New U.S. Environmental Protection Agency proposed rules would cut methane emissions sharply but oil and gas industry groups contend they would put new requirements on oil and gas companies.

EPA says that the proposal, released on Aug. 18, would trim methane emissions from oil and gas facilities by 40% to 45% from 2012 levels by 2025. Energy organizations contend that the regulations would be costly and duplicate pollution-reduction efforts that their firms already have under way.

Environmental advocates counter that the proposed regulations would help the U.S. move closer toward achieving international commitments in combating climate change

America’s Natural Gas Alliance President and CEO Marty Durbin says that, since 2005, natural gas companies have cut methane emissions by 38% while increasing production 35%, through industry innovations and under existing regulations. 

Durbin said in a statement, “With further improvements certain to continue, we believe new and additional regulations are both unnecessary and counterproductive. This rule is simply not the best way to achieve our shared goal of methane emissions reductions.”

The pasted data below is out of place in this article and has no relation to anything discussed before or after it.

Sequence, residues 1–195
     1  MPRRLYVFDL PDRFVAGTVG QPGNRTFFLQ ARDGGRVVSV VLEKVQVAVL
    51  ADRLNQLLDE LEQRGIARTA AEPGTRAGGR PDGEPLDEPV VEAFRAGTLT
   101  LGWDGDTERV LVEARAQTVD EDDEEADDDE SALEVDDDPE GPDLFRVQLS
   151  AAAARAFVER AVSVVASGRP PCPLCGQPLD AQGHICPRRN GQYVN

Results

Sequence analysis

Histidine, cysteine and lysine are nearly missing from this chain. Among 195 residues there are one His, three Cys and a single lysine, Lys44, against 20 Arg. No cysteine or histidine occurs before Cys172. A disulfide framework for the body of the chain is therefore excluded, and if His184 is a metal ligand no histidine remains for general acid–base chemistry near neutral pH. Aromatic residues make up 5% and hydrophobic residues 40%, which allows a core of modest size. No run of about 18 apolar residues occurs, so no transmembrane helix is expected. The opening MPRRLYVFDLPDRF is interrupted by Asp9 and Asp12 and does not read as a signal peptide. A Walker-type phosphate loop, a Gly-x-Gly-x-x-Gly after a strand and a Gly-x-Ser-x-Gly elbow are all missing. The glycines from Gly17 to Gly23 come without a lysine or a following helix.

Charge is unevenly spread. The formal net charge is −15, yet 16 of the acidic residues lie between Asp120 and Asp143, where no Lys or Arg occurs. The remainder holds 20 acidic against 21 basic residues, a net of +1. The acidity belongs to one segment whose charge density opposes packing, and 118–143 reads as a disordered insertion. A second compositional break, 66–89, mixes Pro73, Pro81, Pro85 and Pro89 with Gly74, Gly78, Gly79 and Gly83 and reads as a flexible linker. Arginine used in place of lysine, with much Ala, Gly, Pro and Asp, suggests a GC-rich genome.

Durbin added that a more collaborative approach would bring “greater reductions more quickly than new and unnecessary regulation.”

But Madeleine Foote, League of Conservation Voters legislative representative, said in a statement, “Solutions to methane pollution are available now, cost-effective, and will protect public health.”

The regulations are part of the Obama administration’s overall strategy to address climate change. Methane is the key constituent of natural gas and has a global-warming potential 25 times greater than carbon dioxide's, EPA says.

The proposed standards would require firms that work in the oil and gas sector to fix and repair leaks; capture natural gas using “green completions” from hydraulically fractured oil wells; limit emissions from new and modified pneumatic pumps; and limit emissions from several types of equipment used at natural gas transmissions compressor stations, including compressors and pneumatic controllers.

The proposal builds on EPA's New Source Performance Standards for volatile organic compound (VOC) emissions for the oil and natural gas sector that became final in 2012. EPA’s proposed updates would require the industry also to reduce methane.

EPA says that sources that already are subject to the 2012 new-source requirements would not have to install additional controls under the new methane proposal, because the controls to reduce VOCs reduce methane as well.

EPA will accept public comments for 60 days after the proposal is published in the Federal Register.